Lessons in Foundation Transparency from Philamplify

(Caitlin Duffy is the project assistant for Philamplify at the National Committee for Responsive Philanthropy (NCRP). Follow @NCRP and @DuffyInDC on Twitter and join the #Philamplify conversation. This post was originally published on the GrantCraft blog.)

Duffy2_180_180_s_c1If a foundation sees itself as accountable to the communities it serves, how can it be as transparent as possible about key decisions that affect those communities? While voluntary disclosure of financial information online is commendable and sorely needed in philanthropy, funders must expand their mindset of openness. There is a need for a comprehensive approach to transparency that goes beyond figures on a website; foundation leadership, from board members to staff, need to think critically about how to communicate their approaches and solicit feedback.

At the National Committee for Responsive Philanthropy (NCRP), the complex relationship between transparency and accountability is at the center of Philamplify. Philamplify is a new initiative that brings honest feedback to grantmakers by conducting rigorous assessments of some of the country’s top foundations. To prepare these reviews, our team combs through publications, searches online databases, reviews publicly available foundation documents, surveys hundreds of grantees, and interviews a wide array of stakeholders. In evaluating whether a foundation operates transparently, we look for disclosure of key information on the funder’s website and through other avenues, such as Foundation Center’s Glasspockets initiative. We publish the final assessments on philamplify.org, where readers can engage in a discussion about the findings and recommendations, thus opening the conversation beyond the confines of a typical foundation assessment to everyone whose lives are touched by grantmakers.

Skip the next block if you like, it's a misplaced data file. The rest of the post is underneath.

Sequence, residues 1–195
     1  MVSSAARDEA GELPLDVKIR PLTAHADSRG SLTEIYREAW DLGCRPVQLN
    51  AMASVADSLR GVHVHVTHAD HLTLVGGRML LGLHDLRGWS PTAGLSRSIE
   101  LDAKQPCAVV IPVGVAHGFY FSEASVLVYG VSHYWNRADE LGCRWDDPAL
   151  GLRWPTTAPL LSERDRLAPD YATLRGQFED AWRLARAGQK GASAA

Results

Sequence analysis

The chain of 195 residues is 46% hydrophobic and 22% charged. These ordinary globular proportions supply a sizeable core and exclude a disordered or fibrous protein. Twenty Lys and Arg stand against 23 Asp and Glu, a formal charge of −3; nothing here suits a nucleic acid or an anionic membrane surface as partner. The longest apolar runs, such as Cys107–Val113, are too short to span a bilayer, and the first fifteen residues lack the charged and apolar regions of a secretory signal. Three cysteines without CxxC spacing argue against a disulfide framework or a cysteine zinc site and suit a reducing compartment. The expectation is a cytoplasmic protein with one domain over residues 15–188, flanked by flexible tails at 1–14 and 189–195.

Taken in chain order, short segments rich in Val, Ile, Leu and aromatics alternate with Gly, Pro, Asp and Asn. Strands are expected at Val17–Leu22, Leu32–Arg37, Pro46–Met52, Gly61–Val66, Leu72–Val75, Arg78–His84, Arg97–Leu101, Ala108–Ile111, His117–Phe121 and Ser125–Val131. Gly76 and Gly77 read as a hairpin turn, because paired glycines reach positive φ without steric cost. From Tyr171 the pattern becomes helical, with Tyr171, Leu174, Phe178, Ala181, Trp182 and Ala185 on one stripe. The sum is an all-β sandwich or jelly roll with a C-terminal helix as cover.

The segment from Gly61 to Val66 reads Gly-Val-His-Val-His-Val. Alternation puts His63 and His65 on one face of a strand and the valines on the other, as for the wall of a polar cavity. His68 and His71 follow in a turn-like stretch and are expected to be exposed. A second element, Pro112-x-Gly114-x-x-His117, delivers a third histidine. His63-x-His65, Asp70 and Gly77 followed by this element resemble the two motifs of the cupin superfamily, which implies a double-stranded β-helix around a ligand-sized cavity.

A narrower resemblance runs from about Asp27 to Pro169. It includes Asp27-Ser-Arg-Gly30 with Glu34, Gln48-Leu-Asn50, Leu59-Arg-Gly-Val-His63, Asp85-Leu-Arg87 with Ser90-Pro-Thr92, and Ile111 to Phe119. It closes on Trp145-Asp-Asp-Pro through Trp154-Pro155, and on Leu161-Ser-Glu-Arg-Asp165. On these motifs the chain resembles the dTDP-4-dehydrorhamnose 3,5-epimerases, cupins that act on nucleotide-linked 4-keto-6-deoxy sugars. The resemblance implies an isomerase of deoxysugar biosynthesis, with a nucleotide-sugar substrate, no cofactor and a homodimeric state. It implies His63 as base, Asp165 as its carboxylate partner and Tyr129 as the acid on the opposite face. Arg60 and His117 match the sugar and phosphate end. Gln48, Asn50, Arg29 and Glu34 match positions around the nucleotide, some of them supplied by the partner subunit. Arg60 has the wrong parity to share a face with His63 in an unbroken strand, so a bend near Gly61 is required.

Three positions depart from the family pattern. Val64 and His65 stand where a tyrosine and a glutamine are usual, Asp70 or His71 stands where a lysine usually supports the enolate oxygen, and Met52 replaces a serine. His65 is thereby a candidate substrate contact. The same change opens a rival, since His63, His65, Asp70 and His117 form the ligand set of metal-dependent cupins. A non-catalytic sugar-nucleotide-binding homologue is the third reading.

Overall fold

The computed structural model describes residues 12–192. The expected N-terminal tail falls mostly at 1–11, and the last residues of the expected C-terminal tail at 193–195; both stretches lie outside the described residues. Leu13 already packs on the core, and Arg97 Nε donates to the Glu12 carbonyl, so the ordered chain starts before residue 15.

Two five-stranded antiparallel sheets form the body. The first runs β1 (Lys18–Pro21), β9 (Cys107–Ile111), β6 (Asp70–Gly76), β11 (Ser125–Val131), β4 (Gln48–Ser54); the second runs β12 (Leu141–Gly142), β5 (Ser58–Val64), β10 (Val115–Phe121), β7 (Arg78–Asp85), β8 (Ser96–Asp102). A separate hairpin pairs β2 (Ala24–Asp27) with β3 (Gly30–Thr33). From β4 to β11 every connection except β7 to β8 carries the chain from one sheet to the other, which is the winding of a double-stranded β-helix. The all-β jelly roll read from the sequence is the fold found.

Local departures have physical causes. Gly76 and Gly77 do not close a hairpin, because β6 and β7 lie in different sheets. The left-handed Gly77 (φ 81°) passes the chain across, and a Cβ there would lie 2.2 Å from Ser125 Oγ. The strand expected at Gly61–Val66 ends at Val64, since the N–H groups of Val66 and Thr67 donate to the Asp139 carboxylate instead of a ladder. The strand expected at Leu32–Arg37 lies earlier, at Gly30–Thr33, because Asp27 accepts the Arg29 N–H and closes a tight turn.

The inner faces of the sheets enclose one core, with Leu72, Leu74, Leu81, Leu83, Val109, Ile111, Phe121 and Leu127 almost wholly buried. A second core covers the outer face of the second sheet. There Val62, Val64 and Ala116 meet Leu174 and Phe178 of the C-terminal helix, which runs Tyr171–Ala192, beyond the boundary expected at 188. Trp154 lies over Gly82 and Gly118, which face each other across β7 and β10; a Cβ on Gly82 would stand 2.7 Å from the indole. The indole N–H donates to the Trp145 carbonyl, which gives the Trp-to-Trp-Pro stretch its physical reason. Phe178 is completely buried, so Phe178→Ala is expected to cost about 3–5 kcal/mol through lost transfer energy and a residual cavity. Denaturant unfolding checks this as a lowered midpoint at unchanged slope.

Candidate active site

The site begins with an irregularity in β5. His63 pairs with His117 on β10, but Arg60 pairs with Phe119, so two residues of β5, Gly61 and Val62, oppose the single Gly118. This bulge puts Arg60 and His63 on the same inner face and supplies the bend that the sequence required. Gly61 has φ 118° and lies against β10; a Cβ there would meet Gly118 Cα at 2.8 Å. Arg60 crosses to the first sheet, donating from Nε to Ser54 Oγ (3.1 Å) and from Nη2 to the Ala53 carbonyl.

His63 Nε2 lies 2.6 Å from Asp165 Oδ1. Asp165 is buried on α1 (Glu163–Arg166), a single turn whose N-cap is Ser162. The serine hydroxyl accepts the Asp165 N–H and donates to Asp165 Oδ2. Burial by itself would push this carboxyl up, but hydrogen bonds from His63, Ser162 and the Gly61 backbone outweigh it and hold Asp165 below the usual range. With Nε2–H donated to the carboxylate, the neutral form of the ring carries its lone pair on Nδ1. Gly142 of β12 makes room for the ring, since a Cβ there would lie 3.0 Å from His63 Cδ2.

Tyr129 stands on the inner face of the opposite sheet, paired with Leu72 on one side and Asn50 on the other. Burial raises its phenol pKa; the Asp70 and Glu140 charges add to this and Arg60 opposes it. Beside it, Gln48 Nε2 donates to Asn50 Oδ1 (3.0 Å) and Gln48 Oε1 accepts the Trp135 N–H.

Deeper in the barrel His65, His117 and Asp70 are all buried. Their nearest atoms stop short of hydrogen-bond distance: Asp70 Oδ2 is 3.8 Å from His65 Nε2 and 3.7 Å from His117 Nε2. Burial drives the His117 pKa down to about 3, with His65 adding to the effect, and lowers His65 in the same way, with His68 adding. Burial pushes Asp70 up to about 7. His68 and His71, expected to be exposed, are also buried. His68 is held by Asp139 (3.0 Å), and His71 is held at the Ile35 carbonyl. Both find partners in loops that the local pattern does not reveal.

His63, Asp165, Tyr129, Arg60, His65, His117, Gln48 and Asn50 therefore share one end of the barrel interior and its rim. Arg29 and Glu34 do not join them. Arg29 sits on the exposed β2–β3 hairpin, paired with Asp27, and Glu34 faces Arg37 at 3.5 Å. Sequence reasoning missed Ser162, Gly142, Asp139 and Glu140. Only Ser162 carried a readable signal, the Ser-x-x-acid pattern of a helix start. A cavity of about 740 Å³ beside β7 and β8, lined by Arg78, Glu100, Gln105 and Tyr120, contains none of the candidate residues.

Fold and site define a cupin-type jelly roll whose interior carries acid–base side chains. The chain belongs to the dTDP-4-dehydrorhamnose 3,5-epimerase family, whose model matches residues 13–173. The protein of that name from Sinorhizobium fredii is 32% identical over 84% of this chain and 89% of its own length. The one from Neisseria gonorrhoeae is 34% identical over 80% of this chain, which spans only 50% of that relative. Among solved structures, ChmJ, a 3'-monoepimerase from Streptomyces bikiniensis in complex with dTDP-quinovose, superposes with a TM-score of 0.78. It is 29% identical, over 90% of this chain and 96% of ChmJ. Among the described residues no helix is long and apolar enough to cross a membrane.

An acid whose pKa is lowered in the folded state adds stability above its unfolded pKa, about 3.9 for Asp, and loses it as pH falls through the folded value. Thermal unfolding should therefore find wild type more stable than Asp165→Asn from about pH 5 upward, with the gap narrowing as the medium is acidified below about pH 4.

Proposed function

LogoDuring the first round of assessments, many surveyed grantees spoke of how much they appreciate transparent communication with funders. Grant recipients consistently requested “three C’s” relevant to transparency: convene, collaborate, and communicate. Such calls for increased contact with foundation staff are evidence of grantee interest in a partnership that goes beyond financial support. Transparency plays an important role in such a relationship. As shown by the Center for Effective Philanthropy’s recent report, Foundation Transparency: What Nonprofits Want, nonprofits want more transparent communication about learning, assessment, and impact.

When a funder engages in meaningful transparency, grantees and other philanthropic stakeholders benefit by better understanding the foundation’s mission, operations, strategies, activities, and performance.

For example, grantees of the Philamplify-assessed Daniels Fund often spoke of the actual and potential value of site visits, e-mails, and phone calls with program officers and opportunities to speak with executive leadership. In regards to positive aspects of the partnership, one grantee wrote, “The Daniels Fund is one of the few funders that make an effort to visit with us, communicate with us on a regular basis, and maintain a relationship based on mutual concern for the populations we serve.” However, some grantees conveyed concern about the apparent disconnect between program officers and executive leadership, particularly regarding the grant renewal process.

In our assessment of the William Penn Foundation, grantees and stakeholders expressed confusion over recent changes in leadership and strategic direction about which the foundation communicated ineffectively. Sample feedback included comments such as, “The status of the Foundation's recent strategic planning process could have been better communicated” and “The recent leadership transitions have raised question for the future of funding in this sector.” In July, Nonprofit Quarterly reported that the foundation’s managing director resigned, marking another major leadership change in less than six months. In such instances, the lack of transparency about what drove these major decisions unsettled grantees and influenced the perceptions of other important stakeholders, including peers.

In philanthropy, robust, authentic discussion and constructive debate challenge us all to improve and help ensure that we hold each other accountable to the public good. Grantees are vested in the success of their funders, and as evidenced by Philamplify’s findings, they offer valuable lessons for the sector. When a funder engages in meaningful transparency, grantees and other philanthropic stakeholders benefit by better understanding the foundation’s mission, operations, strategies, activities, and performance.

How does your foundation maintain transparent, two-way communication with grantees and the communities they serve?

-- Caitlin Duffy


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